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Rediscovering Cakes and Wine
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In the Scriptures of the Abrahamic traditions, we find a curious verse. Essentially, it describes an “order of service” as would have been used by the worshippers of the old Gods in the land of Israel. It reads:
“And your children gather wood, and your men build a fire thereof. Your women bake cakes for the Queen of Heaven, and the people pour out libations to the other Gods, which causes me to vent my wrath to them.” (Jeremiah 7:18)
Leaving aside the Hebraic deity’s expression of wrath, we find the sharing of food and drink as the basis of this domestic cult. From contemporary sources, we find agreement that the Gods were celebrated throughout many cultures through this means. And, save in certain specific instances (such as to avert plague or beg pardon for a severe misdeed) , the bulk of the offering was ingested by the faithful.
At its most basic level, this custom stems from the concepts of hospitality. Indeed, that was the entire premise behind the ancient sacrifices, i.e. the maintenance of reciprocal relationships with the Gods. The Divine Powers had shared food at the table of Humanity, and received myriad gifts for deigning to attend the gathering. Hence, They were obligated to return the giving through abundance, fertility, good fortune, and felicity.
This premise is often unspoken in today’s Pagan and Craft environments. Indeed, the concept of giving in libation a portion of the Cakes and Wine* is frequently stated as an after thought. Many books purport that this portion of the ceremony is (variously) a thanksgiving to the Gods, an interlude between the “magical work” versus “social time” of the group, and a grounding or earthing of the rite. If any inkling is mentioned regarding the “give and take” attitude of antiquity, it is frequently brushed aside as superstition.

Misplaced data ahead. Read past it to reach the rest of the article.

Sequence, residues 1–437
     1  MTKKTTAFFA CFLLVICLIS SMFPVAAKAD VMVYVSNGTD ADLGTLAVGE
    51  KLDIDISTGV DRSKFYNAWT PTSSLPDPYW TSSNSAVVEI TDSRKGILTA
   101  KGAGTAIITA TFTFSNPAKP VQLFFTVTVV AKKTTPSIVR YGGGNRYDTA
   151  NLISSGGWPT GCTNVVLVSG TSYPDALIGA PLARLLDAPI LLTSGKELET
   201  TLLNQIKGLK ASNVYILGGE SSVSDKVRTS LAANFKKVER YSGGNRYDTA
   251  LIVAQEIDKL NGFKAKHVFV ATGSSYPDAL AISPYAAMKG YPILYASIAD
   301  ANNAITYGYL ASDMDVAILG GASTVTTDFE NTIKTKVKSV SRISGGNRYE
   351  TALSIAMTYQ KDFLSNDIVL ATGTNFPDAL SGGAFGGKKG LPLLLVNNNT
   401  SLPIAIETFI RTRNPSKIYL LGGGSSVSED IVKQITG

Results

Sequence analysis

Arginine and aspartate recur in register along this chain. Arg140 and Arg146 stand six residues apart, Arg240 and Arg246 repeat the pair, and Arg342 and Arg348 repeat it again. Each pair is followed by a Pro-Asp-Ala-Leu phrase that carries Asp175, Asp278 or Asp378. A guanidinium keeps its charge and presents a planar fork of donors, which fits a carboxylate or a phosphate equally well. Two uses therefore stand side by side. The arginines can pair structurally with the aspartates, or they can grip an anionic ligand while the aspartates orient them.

This flippant attitude naturally arouses an urge to scream at such people on my part. Yes, Cakes and Wine is an offering of gratitude. However, social time happens AFTER the magical work and ceremonial details are attended to. Likewise, one does not ground or earth energy in the middle of a ritual.
Part of the problem is the knee-jerk reaction some in the popular Pagan and Wiccan communities have with two other related concepts. The first is sacrifice. The second is any possible resemblance between their rituals and the Christian Eucharist. (Presumably, the fact that at least 80% of Wiccan ceremony was derived from an Abrahamic framework inspired by such grimoires as the Clavicula Solomonis… is lost on these people) .
The Christian Eucharist, especially in the forms practiced by the Roman Catholic Church and Greek Orthodox Church, are directly indebted to the sacrificial cults that supported the Roman State. They are also directly linked … nay, adopted from… certain features of the Mystery religions. Indeed, the early Church fathers were aghast that these pre-Christian sects had practices and teachings that sounded so Christian!
Some went so far as to preach a curious doctrine of diabolic imitation i.e. their quaint Devil-figure became aware of the importance of Jesus Christ’s sacrifice, so presumably went “back in time” and sowed counterfeits to confuse and seduce people. While some Christian sects teach this still …most intelligent individuals will see how ridiculous this is. But I digress…
The State Cults of our Pagan past (of which the Roman Empire’s is one example) sought to maintain a collective relationship with the Divine. On the immediate level, if the Gods were happy, the community would prosper. However, on a more sublime level, it also sought to maintain the whole cosmos.
The Latins phrased this divine order as the Pax Deorum (the Peace of the Gods) . The ancient Egyptians knew it as Maat. The Norse saw in it the postponing of Ragnarok. In the Americas, the Aztecs practiced their sacrifices to feed the Earth and keep it alive. To the Celts, each sacrifice recreated – whether of human, animal, food, or material goods – on some level, the primal sacrifice that created the worlds.
Our English word, blessing, derives from the old German word ‘bletsian’. Bletsian can be translated as ‘smeared or sprinkled in blood’. As Bram Stoker’s Reinfeild notes in Dracula, “the blood is the life.”